In essence, we're in the world of GeoCities and I'm postulating one day Facebook will come along.

    2. Proprietary IP. Turbine is the MMORPG world's RC Cola. They exist. They sell a reasonable amount of product. But no one is confusing them for Coke and Pepsi. So to make a splash, they've relied on other people's IP. Your average person has no idea who 'Asheron' is and why they're calling, but they know Lord of the Rings and D&D.

    Unfortunately, most IP are both unsuitable for MMO (not everyone can be Luke Skywalker in a Star Wars game) and require maintaining a very long-term relationship with an outside company. More importantly, developing the IP can itself be more useful than developing a game. If you're going to spend all that effort promoting an IP, you really want the lion's share of the merchandising money.

    3. MMORPG as business applications, not games. In a conventional computer game, you're given an interface by the developers. As long as it's not completely screwy, the average user will simply put up with minor issues as they spend a few weeks playing through the game. In a MMORPG, you play for years. Those minor issues turn into major problems, especially given the breadth of abilities granted by MMORPGs. Not being able to customize your visuals and controls is a serious drawback to any MMORPG and significantly harms the user experience for a fair number of people.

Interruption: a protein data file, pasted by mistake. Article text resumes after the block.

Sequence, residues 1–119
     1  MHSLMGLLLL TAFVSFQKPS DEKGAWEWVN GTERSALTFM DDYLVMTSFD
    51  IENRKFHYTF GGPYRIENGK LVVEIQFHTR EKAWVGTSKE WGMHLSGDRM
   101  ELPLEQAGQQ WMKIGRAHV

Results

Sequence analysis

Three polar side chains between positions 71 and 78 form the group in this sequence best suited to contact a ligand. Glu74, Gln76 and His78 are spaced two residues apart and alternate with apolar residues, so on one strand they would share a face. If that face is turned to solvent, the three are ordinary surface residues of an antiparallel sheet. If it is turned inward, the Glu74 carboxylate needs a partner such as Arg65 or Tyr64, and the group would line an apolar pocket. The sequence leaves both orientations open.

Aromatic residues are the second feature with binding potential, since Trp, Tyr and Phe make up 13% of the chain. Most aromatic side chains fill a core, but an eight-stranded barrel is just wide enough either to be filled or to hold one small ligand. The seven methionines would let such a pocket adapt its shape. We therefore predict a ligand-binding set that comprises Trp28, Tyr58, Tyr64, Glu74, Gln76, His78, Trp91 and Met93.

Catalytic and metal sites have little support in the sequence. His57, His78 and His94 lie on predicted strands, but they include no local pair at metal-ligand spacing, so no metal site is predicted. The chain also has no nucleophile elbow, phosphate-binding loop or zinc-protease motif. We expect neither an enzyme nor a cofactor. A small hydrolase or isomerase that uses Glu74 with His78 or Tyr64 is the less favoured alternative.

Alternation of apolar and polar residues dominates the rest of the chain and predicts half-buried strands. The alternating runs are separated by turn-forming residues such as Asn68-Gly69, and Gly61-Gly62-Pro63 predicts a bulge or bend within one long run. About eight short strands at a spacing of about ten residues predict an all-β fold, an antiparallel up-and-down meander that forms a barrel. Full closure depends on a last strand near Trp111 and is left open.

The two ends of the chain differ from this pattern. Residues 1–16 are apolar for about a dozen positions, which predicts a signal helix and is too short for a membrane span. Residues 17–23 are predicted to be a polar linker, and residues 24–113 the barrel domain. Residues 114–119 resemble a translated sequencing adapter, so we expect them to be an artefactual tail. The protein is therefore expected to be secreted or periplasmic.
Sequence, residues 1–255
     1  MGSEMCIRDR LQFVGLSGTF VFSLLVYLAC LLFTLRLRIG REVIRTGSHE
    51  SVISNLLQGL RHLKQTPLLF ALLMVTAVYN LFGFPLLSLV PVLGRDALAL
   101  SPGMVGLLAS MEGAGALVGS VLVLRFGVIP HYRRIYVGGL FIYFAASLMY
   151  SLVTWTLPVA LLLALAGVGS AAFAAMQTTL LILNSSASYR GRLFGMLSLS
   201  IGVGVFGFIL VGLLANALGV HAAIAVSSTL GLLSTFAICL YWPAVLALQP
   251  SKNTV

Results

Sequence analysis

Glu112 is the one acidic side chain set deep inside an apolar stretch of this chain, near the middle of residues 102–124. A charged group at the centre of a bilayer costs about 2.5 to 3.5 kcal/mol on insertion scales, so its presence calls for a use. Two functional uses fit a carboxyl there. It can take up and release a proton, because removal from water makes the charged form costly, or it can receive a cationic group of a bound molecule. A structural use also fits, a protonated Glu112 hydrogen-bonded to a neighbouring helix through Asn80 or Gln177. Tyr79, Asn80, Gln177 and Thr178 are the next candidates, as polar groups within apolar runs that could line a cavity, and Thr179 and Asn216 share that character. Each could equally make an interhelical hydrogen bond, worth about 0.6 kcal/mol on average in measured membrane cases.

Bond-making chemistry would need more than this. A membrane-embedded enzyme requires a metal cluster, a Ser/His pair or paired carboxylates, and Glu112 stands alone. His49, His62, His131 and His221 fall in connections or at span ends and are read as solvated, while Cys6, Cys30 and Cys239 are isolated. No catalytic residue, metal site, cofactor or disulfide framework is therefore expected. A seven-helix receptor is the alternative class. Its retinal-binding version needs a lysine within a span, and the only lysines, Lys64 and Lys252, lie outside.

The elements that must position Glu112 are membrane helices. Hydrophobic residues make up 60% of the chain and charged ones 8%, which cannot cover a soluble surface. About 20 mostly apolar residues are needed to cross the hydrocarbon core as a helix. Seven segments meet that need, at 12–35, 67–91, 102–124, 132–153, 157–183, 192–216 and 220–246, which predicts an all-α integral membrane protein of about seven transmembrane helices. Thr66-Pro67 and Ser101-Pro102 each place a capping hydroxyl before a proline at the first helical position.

4. Low connection/hardware demands. The 'active combat' system of DDO was a neat idea. A neat idea you'll probably never see again because it makes play on anything except a bulletproof connection impossible. If Turbine was doing DDO in the modern day, it would be more reasonable to create something like Diablo III. Basically a single-player game where you had interaction with other players in common (non-adventuring) areas.